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A double piece of history happened in the last couple of weeks. The Seattle Opera has been refurbishing their buildings on the north side of the old Seattle Worlds Fair grounds (now called Seattle Center). They started to demolish one of the oldest buildings on the grounds and what was found shocked us all.  A little history first:

The old Seattle Civic Auditorium was built in the mid 1920s.  Here is what it looked like from an old postcard. 58ec53568a137_SeattleCivicAuditoriumPostcard.PNG.f6ddcd33d427d4bace0059b2cfc8dca8.PNG

Next to this was built another building we call the Mercer Forum,  Exposition Building, Civic Ice Arena and Seattle Center Arena.  (see it off to the far left on the postcard) In the old days it was called the House of Suds due to the original patron was a tavern owner.  This building was originally built to house an ice arena as part of the Civic Auditorium complex constructed between 1925 and 1928. In addition to the connected Civic Arena and Auditorium, the complex included an adjacent 35,000-seat Civic Ballfield with wooden bleachers and a freestanding building, which combined a Field House on the ground floor and a Veteran’s Hall on the upper floor. The site selected was diagonally adjacent to Mercer Playground, developed in 1910 and named for Seattle pioneer Thomas Mercer, who homesteaded in the vicinity.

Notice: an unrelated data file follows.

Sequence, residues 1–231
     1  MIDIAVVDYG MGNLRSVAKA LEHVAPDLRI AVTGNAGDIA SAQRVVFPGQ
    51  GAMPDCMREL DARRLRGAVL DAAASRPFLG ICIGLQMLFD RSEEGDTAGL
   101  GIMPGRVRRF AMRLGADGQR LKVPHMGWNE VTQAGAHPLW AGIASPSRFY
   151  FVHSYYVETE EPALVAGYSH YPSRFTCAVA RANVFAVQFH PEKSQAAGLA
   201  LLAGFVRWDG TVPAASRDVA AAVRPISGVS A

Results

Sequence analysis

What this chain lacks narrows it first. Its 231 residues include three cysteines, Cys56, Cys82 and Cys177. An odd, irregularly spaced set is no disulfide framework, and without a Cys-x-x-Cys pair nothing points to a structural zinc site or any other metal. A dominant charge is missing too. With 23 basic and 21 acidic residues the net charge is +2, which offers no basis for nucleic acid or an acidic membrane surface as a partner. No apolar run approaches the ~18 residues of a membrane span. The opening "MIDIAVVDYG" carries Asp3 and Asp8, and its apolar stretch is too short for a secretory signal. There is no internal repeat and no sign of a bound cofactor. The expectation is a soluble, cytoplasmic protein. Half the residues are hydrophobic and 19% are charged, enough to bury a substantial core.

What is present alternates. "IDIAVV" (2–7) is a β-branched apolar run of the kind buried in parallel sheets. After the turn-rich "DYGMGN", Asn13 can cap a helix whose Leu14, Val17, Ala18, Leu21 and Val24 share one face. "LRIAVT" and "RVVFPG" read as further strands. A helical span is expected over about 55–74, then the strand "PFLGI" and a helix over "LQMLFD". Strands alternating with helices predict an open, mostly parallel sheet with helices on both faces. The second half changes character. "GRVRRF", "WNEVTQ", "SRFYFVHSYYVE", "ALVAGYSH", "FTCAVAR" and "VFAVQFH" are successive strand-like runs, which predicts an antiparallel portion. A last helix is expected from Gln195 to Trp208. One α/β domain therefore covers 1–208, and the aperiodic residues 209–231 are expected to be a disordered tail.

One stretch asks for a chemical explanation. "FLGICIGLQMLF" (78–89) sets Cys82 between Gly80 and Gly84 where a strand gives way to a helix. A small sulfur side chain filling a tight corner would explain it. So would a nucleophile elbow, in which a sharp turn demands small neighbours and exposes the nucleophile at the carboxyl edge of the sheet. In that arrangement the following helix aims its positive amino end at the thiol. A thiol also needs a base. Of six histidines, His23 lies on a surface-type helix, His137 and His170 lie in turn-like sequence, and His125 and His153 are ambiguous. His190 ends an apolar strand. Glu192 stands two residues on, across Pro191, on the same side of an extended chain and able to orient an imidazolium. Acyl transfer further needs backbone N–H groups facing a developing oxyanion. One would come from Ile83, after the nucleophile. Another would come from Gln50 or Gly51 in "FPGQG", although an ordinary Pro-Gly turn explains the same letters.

For the Seattle Worlds Fair they built some other buildings along Mercer Street and to make them all have a modern continuous look they bricked around the whole old Civic Auditorium and the Ice Arena. Years have past and iit was where hockey was played, the opera house used it for a while and concerts performed there.  I even helped set up tradeshows in the building. 

It's time had come to be demolished. No one thought there was much history there even a historian who researched it. So, the wreakers came and low and behold there was the whole building left under the brick. Two gargoyles were smashed before anyone could stop things.  But with some help from a local TV historian the Opera House is saving the remaining two.

Here is an article with video and photos to enjoy.  A little history to behold.


And a Wiki article on the building too:




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